The main interrogation is about the name Humanatone. James J. Stivers, as we stated before, wrote that the brand had been used since july 1903. Art Jacobs didn't buy a Humanatone, but a nose flute. Why did the journalist write « Humanatone ». I am prone to think it was a language abuse. In 1922, when the Jeweler's Circular text was written, the metal Humanatone was at the top of its fame. It was the most commun nose flute on the market, and I believe it was beginning to become a common noun. Exactly as we, frenchies, are used to say "a frigidaire" instead of "a refrigerator", or American people would say "a colt" instead of "a handgun", using a famous brand instead of the generic noun. Yet, it is still the case nowadays : many (american) people say "Humanatone" instead of "nose flute". [EDIT : Rectification on that point, see this post]

On thing still stays a strange coincidence : the author of the article wrote « ... Art Jacobs, also a musical wonder... ». And the first Humanatone was stamped with that same appellation :

So, what nose flute did Art Jacobs buy at Chicago's Fair in 1893 ? I sincerely have no clue of the answer. It might have been a Magic Flute, as it existed before the Humanatone (check my chronology)...

Or was it another unknown (by me) instrument?

The important thing is to record there was a nose flute available in 1893, and it was probably directly issued from the Carter's patent, filed at the end of 1891 and registered mid-1892. Just the time to launch a production... Did Jacobs buy a Nasalette ?


About metal Humanatones, check :

- Humanatone - part I : the metallic era
- New Humanatone ads
- The Two metal Humanatones
- Another metal Humanatone
- Humanatone boxes
- Another Humanatone box
- Humanatone: A very early user manual
- The Magic (Nose) Flute: only questions... .
- A Humanatone and clones chronology
- A Humanatone in 1892 ?
- Humanatone: Early promotional demos
- Another Humanatone archive
- Huma... something
- Rectification: Humanatone appearance date
- Great paper from 1903
- Nose Flute Pioneers: The Stivers - Part I
- Nose Flute Pioneers: The Stivers - Part II
- Nose Flute Pioneers: The Stivers - Part III
- Nose Flute Pioneers: The Stivers - Part IV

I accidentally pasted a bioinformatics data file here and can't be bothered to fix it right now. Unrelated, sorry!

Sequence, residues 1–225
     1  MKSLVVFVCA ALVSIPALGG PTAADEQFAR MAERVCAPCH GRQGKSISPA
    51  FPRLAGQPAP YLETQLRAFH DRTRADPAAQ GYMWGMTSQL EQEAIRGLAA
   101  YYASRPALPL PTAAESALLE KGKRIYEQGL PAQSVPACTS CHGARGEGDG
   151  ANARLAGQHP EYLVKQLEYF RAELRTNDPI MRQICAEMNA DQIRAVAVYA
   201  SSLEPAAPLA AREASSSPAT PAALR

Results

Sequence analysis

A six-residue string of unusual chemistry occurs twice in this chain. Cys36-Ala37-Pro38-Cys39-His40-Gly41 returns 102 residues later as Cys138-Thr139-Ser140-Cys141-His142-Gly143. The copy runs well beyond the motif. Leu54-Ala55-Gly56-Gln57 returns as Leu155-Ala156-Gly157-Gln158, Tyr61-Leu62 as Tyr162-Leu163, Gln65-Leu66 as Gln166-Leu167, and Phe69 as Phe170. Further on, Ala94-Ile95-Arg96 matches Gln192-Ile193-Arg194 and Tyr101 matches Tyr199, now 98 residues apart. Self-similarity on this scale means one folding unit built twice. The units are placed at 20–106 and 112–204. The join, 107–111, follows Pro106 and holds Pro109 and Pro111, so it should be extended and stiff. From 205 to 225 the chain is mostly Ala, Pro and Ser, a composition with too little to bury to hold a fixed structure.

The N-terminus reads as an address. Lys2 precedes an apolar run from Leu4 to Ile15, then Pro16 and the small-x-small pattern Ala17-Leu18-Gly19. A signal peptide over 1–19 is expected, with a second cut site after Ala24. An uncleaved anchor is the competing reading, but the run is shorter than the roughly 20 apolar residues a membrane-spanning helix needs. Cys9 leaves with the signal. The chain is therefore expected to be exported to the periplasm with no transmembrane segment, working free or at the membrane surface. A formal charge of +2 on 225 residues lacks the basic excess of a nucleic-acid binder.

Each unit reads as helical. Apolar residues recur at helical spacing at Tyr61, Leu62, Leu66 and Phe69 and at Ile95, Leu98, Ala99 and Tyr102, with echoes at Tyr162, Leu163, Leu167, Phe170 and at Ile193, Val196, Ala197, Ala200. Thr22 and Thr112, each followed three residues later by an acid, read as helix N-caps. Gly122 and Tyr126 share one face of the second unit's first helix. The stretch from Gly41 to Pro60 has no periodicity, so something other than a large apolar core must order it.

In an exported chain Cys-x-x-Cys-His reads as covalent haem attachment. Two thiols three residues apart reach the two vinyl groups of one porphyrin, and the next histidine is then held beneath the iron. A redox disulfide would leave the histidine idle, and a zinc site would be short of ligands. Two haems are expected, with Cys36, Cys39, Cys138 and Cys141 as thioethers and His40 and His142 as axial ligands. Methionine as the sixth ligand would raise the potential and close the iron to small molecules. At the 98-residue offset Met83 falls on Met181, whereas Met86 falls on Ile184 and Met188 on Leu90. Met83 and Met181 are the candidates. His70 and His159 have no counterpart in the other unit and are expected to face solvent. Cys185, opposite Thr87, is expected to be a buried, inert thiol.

- Nose Flute Pioneers: The Stivers - Part V
- A Humanatone as a scientific tool
- Two other Humanatone Ads

And on later Humanatones :

- Humanatone - Part II : the Gretsch plastic era
- Humanatone - Part III : the Gretsch metal era


1 comment:

  1. The Chicago World Fair is highly interesting in many ways. To me it is of particular interest since my hero Frank Lloyd Wright attended it as a young architect. This "Columbian Exposition" directly influenced his style and direction through the Mayan and Japanese pavillions. Frank Lloyd Wright would start his own practice in the very same year.

    Could he have come across the Humanatone, would he have tried it and possibly even have bought one? Frank Lloyd Wright was very much into music and had an amazing eye for detail. I wonder if his home studio has one in a cabinet somewhere.

    The fair was visited by nearly 26 million people. I wonder how many heard the Humanatone being played or demonstrated and took one home.
    I strongly feel that the Humanatone would have been an easy purchase as an impulse buy...

    I wonder if the many musicians who performed at the fair considered it or gave it a try, as the nose flute can be played instantly! Amongst these musicians were Scott Joplin, Henry Thomas and WC Handy, giants of early jazz and blues, who all played several instruments including either brass or woodwind instruments. They should have been quite capable of mastering it.